For the second time in as many months a private client has asked us how best to deal with a foreign currency cheque.
Typically a payment method associated with inheritance and|or dealings with legal businesses abroad, we outline how currency firms tend to view such matters, what options are available to private clients, and our considered view as to the most appropriate way to treat a foreign currency denominated cheque.
Things to bear in mind when in receipt of a foreign currency cheque:
If you were to try and pay it in to your UK sterling bank account then you could be waiting up to if not longer than 4 weeks for the funds to clear.
The rate of exchange used to calculate the sterling equivalent of the foreign currency amount would be determined by your bank and could be applied at any point during the clearing process. So, you could get the rate today, or the rate achievable at any point over the time it takes for the issuer's bank to transmit the foreign currency amount.
Furthermore, the rate you will receive will be an arbitrary 'retail' rate of exchange. Unquestionably it will be at least 2% less competitive than the rate a firm like Prime Cap might quote you.
If you're cheque is €10,000, then you might receive between £200 and £500 less because of the rate alone. Why settle for less?
What questions would we ask?
+ Who is the cheque made out to?
Taking in to account that the bank accounts used by currency companies are not conventional 'current' accounts, but rather what are called 'client trust accounts', if you have a foreign currency cheque made out to you then it is understandable that you cannot pay this cheque into the account of someone else, currency company or not.
It would be a push to assume that the issuer of the cheque would be prepared to rip up the one issued to you and reissue it with the payee being a foreign currency company; so, although possible, it is not a solution we would entertain.
You can only pay a foreign currency cheque in to an account in your name.
+ Do you hold a currency account?
If you hold an account denominated in the currency your cheque is issued in then you are well advised to simply pay said cheque in to your account. From there you can still use our services to convert that foreign currency amount into the currency you wish.
Once the funds are in an account we are in a position to receive them by a simple electronic bank transfer in exactly the same way as if you approached us with cash in the bank.
One option we tend to suggest is enquiring with your current banking provider as to whether they offer foreign currency accounts to individuals. If they do and you consider the costs to be weatherable (on the basis that the rate we can offer for conversion would more than offset the expense you might incur by setting up an account) then, once the facility is set up, you can simply credit the cheque to that account in your name and conduct a conversion as normal.
+ Who has issued the cheque?
Depending on which institution, business or individual issues you with the cheque, you may have recourse to ask them to cancel it and send the funds to you, or indeed us if you are without an appropriately denominated currency account, as a standard|international bank transfer.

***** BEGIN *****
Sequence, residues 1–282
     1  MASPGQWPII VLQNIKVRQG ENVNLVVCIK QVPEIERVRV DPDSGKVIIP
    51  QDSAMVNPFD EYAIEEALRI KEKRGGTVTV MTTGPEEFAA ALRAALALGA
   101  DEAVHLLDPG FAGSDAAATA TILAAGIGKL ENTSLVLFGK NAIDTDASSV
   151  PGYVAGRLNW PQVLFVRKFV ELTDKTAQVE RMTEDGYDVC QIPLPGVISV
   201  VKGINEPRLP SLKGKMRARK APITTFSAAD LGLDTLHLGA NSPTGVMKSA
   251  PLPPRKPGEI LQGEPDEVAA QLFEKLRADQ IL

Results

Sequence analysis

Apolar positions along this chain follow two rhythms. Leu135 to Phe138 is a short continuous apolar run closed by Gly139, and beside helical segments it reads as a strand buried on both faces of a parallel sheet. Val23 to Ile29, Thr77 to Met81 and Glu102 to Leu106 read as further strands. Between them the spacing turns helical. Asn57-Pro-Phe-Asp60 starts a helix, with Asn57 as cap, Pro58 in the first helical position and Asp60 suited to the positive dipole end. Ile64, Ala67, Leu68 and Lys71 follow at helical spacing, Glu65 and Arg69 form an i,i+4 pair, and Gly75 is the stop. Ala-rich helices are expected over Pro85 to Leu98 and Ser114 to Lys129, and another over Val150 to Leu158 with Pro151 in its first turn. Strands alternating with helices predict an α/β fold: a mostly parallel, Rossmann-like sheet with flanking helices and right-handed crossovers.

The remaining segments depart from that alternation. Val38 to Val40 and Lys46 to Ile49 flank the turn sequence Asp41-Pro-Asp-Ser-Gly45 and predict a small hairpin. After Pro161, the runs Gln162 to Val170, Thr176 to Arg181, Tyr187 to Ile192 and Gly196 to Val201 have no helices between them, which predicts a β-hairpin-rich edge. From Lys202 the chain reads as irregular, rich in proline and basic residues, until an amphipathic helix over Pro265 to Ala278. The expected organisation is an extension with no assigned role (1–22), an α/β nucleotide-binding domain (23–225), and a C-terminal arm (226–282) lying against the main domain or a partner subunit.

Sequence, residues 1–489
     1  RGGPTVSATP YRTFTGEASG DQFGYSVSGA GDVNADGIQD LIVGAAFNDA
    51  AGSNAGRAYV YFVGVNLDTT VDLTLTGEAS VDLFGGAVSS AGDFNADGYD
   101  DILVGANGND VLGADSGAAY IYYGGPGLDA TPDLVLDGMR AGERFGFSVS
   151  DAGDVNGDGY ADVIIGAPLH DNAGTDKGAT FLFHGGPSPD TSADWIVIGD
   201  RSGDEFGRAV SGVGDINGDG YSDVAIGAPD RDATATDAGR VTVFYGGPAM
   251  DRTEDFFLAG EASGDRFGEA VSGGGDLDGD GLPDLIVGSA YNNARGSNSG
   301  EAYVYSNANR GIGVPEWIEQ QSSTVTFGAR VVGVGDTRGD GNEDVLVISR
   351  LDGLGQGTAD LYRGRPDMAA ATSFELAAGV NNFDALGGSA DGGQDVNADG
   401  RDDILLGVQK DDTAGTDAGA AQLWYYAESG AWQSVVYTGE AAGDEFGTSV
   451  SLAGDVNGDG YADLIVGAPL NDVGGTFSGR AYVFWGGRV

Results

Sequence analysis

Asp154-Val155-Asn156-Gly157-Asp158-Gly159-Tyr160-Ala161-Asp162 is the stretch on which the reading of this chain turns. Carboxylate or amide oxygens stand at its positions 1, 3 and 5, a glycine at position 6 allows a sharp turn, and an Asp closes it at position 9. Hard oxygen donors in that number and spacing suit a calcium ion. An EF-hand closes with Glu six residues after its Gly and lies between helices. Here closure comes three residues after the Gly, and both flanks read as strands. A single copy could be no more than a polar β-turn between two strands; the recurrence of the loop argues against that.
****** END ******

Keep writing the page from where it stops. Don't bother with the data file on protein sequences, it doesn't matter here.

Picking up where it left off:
Cheques are usually issued by law firms and often we are asked by those who have inherited funds from a relative of benefactor overseas. You are well within your rights to ask such a law firm to pay the foreign currency amount to an account of your choosing and, if you elect, this is entitled to be the appropriately denominated client trust account of Prime Cap.
You may encounter procedural resistance from the issuing party. A law firm might insist on paying funds only to an account in your name; there is no legislative or regulatory reason for this insistence, but, if they are not prepared to concede to this request it is overcome by you setting up the relevant foreign currency account with your bank as above.
You may not be in direct communication with the executors of an estate or the institution|firm overseeing the payment; if that is also the case then the setting up of a foreign currency account in your name may be the only realistic option open to you. Again, your UK bank should be content to open such an account. Don't be shy about explaining why you want them to do this. Telling them you have inherited or are due to be paid money denominated in a foreign currency and that you wish to make up your mind about it's conversion in due course should be sufficient to prompt them to do the necessary for you.
Just because one currency broker is not prepared to receive and honour your cheque does not mean that another firm might|would. Cheques are no longer a realistic or reliable payment method in the context of modern day financial transactions.
Cheques prompt all manner of questions to be asked by financial institutions, whether they're your bank or not. If you are trying to credit a cheque to an account not in your name then the first question is, why?
How can we be sure you didn't just find the cheque lying about?
An incoming electronic transfer however carries with it certain answers to questions over authenticity, origin and use.
By virtue of the ease with which you can now set up a foreign currency account, even if it is just for a one off conversion, you should not feel you have to settle for the poor rate of exchange you own bank might offer you.
If you have questions about this topic or you would like an introduction to one of our banking contacts whom we know to be amenable to the opening of foreign currency accounts for the purposes outline above, then by all means give us a call on 02031728193.
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